• Kyodo


Bank of Japan Gov. Haruhiko Kuroda expressed confidence Monday that the 2 percent inflation target will be achieved around fiscal 2018, saying a pickup in oil prices and possible wage growth could help push up prices.

Kuroda, however, also warned there are downside risks to consumer prices in the country, given the uncertainties in the global economy. His warning indicates that the central bank is waiting to see what happens from Republican Donald Trump’s victory in the U.S. presidential election.

“Despite the recent weakness in price developments, the momentum toward achieving the price stability target of 2 percent seems to have been maintained,” Kuroda said in a speech at a meeting of business leaders in Nagoya.

“However, risks to both economic activity and prices are skewed to the downside, particularly those regarding overseas factors,” he said, adding the BOJ will adjust its policies if needed to attain its inflation target.

Consumer prices fell for the seventh straight month in September and were down 0.5 percent from a year earlier.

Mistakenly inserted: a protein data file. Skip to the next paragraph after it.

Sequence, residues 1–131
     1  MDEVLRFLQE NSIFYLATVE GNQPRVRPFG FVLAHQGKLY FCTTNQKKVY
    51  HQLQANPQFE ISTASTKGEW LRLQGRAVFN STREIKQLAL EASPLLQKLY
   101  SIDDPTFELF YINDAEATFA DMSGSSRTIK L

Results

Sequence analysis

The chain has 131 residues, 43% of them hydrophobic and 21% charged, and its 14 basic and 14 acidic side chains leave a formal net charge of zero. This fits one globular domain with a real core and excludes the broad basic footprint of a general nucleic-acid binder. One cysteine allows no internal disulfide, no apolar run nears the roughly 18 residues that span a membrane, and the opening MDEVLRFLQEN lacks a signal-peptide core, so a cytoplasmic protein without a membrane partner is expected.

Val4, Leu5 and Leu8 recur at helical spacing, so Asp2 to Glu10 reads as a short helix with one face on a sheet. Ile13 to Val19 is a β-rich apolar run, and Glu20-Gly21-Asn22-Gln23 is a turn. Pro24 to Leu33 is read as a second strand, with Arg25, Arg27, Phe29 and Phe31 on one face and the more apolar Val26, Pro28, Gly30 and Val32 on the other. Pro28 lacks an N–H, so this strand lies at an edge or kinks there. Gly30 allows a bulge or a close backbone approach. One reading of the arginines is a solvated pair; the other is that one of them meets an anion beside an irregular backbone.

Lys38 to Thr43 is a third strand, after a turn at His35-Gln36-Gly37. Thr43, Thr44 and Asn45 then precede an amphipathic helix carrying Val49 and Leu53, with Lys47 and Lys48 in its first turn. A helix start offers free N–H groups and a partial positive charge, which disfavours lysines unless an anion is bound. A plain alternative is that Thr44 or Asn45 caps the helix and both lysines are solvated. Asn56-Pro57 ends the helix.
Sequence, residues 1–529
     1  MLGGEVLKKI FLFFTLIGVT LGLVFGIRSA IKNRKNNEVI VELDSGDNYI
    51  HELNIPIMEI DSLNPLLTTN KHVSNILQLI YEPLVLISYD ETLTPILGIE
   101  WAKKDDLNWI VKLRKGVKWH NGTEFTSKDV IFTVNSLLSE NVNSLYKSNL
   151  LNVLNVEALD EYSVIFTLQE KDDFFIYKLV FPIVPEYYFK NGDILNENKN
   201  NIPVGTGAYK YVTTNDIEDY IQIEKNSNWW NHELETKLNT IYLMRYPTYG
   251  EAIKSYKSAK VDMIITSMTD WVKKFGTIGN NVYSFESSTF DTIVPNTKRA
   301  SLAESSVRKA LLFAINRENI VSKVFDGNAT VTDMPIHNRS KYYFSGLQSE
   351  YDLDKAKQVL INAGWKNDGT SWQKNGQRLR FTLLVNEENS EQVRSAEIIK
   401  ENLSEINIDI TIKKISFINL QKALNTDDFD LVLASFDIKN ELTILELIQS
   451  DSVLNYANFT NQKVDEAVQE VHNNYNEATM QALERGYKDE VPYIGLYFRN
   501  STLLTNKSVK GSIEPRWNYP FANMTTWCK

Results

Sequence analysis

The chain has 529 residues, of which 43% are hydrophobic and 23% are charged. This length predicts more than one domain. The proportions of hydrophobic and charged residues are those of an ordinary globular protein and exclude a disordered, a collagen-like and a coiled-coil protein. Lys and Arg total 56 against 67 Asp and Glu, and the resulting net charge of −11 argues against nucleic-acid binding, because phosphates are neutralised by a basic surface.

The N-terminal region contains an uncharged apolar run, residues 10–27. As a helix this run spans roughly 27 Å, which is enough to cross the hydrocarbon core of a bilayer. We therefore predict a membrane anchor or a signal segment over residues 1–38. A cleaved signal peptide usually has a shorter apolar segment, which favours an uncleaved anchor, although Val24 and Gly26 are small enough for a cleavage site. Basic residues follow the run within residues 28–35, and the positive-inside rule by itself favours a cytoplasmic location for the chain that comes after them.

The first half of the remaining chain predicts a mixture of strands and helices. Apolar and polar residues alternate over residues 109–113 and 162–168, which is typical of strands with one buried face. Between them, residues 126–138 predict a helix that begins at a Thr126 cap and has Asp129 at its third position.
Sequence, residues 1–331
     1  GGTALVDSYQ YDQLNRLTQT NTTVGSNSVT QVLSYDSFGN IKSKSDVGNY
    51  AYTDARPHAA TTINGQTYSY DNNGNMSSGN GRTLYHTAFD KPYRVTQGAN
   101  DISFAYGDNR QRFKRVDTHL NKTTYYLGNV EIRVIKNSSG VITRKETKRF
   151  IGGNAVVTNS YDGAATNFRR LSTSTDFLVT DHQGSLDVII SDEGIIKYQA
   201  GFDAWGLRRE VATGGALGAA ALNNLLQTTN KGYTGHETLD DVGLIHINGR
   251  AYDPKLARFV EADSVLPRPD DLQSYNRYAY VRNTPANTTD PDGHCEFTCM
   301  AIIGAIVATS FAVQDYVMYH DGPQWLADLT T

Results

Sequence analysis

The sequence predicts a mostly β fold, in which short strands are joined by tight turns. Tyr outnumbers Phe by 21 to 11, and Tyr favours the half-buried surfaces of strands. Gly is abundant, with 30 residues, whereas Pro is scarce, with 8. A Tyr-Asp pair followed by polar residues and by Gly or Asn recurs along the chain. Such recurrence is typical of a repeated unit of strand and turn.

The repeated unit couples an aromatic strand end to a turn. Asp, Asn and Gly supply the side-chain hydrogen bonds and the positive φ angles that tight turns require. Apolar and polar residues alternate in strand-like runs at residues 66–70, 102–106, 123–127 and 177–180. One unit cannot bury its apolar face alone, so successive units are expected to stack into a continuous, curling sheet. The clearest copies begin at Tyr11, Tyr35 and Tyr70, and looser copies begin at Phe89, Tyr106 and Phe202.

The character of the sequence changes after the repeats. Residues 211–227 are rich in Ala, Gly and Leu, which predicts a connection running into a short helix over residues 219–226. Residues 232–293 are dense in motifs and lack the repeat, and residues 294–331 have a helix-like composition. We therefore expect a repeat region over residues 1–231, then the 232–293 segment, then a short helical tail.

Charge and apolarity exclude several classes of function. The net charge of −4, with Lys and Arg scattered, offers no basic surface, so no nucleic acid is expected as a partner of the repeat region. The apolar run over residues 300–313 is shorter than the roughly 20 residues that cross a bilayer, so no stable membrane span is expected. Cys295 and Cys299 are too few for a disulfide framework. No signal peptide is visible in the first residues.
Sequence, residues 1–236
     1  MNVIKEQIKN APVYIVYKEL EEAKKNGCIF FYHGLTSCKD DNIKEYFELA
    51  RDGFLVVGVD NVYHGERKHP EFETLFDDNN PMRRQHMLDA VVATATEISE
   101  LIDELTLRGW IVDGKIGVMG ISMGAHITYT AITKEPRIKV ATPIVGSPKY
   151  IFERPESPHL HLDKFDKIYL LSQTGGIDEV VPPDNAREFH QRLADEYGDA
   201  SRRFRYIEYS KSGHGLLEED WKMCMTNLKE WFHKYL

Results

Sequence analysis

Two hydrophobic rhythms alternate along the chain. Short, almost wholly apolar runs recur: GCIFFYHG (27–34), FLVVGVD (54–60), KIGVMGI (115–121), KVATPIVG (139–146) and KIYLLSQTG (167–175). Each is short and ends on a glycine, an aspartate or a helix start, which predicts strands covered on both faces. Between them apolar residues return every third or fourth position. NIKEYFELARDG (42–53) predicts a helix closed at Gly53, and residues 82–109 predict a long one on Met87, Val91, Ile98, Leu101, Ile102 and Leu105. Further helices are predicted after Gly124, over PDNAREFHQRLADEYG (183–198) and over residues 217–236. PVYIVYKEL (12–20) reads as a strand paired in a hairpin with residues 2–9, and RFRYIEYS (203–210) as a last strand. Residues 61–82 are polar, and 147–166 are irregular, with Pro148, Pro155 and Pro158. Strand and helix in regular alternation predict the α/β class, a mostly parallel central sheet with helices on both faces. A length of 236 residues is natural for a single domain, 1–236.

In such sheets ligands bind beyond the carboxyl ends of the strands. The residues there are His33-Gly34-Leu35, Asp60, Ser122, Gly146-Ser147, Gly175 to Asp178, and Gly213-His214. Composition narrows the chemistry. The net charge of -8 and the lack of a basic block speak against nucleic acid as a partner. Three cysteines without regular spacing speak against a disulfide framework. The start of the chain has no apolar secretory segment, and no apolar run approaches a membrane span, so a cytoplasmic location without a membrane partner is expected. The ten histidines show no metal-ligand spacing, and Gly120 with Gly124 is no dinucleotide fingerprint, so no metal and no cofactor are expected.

At the latest two-day policy meeting through Nov. 1, the BOJ, which had already pushed back the time frame for hitting the inflation target four times since Kuroda took office in 2013, pushed it back again to sometime in or after fiscal 2018 ending in March 2019.

The central bank has acknowledged the target won’t be reached during Kuroda’s term through April 2018. But a few factors could provide a ray of hope.

The BOJ has argued that lower crude oil prices worldwide, tepid domestic demand in the wake of the 2014 consumption tax hike and market instability has thwarted its efforts to attain the inflation goal for more than three years.

Recently, oil prices have ticked upward and domestic demand has shown signs of recovering. These factors, along with labor market improvement, are raising hopes for wage growth. A weaker yen could also help drive up consumer prices at home by boosting import prices.

In preparation for a long-term battle to stoke 2 percent inflation, the BOJ decided at its September meeting to shift its policy target to the yield curve for government bonds rather than its massive asset purchasing program.

“Almost two months have passed since the introduction of the bank’s new policy framework, and it appears to have been perceived as positive by market participants,” Kuroda said.

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